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Effects of obstructions, sample size and sample rate on ultrasonic anemometer measurements underground.
Martikainen-AL; Taylor-CD; Mazzella-AL
SME Annual Meeting & Exhibit and CMA 113th National Western Mining Conference 2011, 28 February - 2 March 2011, Denver, Colorado, USA. Littleton, CO: Society for Mining, Metallurgy, and Exploration, Inc., 2011 Aug; :46-50
In fluctuating airflow, continuous air velocity recording is the most reliable method of air velocity measurement. It allows for fast recognition of changes and the calculation of long-term averages. Also, it enables the mine operator to identify when the airflow has decreased to a point requiring action. Using ultrasonic anemometers provides an accurate option for continuous air velocity monitoring. This paper provides information about the effect of common obstructions in underground mining on air velocity readings. Stationary and moving obstructions are used to represent workers and equipment that would cause discrepancies in measured airflow. Also, it is important to know how large of a sample size is required to ensure reasonable accuracy of results. Statistical analysis is used to evaluate the required sample size. The sampling procedure is further studied by comparing two different sample rates. The results show that obstructions provide noticeable differences in air velocity measurements. Also, movement of obstructions can be recognized from changes in results. Surprisingly small sample sizes provide reliable air velocity information. Standard sample rates are found to be suitable for the underground environment.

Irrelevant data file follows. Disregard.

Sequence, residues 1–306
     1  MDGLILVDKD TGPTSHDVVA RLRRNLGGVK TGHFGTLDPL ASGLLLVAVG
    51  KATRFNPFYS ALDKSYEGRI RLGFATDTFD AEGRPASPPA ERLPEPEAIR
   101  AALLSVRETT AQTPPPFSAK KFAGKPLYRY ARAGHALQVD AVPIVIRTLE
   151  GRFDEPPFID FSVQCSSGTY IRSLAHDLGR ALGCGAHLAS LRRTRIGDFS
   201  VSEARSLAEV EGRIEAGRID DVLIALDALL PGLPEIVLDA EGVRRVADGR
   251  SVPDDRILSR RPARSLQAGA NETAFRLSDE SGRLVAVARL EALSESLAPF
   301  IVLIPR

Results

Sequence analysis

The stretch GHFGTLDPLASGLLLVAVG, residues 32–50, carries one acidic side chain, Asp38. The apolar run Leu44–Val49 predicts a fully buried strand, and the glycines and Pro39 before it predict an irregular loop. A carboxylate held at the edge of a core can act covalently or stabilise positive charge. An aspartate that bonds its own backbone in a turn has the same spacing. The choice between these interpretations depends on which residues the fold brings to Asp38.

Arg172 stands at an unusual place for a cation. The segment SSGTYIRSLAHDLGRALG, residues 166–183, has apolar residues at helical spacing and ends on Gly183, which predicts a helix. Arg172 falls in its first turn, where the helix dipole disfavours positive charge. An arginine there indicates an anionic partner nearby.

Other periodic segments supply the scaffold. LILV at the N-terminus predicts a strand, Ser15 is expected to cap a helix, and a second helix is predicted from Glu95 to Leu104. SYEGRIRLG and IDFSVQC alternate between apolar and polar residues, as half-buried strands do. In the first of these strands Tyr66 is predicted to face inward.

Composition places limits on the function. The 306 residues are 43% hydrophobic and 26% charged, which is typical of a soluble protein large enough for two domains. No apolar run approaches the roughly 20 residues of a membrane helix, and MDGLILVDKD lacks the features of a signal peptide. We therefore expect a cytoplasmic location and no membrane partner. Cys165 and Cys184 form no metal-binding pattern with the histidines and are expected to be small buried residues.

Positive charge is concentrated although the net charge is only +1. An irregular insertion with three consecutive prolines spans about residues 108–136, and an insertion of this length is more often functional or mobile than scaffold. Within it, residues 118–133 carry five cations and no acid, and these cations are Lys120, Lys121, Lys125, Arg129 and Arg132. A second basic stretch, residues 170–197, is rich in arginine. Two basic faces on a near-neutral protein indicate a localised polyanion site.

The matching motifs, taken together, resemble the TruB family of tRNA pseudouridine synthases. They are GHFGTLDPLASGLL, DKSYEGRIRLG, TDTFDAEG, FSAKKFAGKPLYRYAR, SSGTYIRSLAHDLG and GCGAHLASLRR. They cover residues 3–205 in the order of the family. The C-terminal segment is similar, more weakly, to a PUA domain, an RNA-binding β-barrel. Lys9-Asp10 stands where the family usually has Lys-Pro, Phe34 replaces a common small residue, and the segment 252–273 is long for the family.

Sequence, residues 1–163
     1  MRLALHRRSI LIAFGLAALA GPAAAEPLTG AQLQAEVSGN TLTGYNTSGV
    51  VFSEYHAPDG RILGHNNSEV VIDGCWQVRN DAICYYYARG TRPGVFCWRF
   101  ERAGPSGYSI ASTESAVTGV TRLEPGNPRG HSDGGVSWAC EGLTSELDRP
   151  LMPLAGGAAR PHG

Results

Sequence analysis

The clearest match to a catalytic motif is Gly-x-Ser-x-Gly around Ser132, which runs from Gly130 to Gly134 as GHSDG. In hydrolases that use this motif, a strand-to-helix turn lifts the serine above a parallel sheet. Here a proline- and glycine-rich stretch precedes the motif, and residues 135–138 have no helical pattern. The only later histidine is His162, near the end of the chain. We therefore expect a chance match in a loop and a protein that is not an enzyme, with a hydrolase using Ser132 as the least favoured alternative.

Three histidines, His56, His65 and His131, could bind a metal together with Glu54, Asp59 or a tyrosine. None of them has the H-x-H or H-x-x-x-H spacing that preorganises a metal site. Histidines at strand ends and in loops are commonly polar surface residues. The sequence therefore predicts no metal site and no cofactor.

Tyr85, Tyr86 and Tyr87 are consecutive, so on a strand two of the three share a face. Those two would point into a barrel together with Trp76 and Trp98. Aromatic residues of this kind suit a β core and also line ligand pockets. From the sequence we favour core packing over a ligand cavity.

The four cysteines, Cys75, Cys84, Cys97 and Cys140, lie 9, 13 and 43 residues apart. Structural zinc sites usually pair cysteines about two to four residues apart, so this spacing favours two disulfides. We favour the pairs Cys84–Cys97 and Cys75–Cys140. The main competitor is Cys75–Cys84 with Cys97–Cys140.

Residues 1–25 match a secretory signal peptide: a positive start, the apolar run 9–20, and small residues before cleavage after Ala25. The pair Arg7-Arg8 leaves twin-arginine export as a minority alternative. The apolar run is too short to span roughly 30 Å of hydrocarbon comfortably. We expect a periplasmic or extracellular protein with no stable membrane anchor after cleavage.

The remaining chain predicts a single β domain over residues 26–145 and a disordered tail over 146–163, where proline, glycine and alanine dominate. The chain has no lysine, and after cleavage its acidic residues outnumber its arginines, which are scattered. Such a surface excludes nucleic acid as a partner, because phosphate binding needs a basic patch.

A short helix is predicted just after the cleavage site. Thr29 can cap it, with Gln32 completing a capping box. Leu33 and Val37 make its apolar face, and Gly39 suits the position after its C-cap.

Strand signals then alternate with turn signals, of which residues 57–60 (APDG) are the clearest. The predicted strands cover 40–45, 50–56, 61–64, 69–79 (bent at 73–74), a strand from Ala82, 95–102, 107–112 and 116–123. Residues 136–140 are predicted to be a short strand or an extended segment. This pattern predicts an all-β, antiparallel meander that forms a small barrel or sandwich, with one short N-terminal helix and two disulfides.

Air-flow; Air-monitoring; Sampling; Monitoring-systems; Mining-industry; Underground-mining; Ventilation; Ventilation-systems
SME Annual Meeting & Exhibit and CMA 113th National Western Mining Conference 2011, 28 February - 2 March 2011, Denver, Colorado, USA.
Page last reviewed: September 2, 2020
Content source: National Institute for Occupational Safety and Health Education and Information Division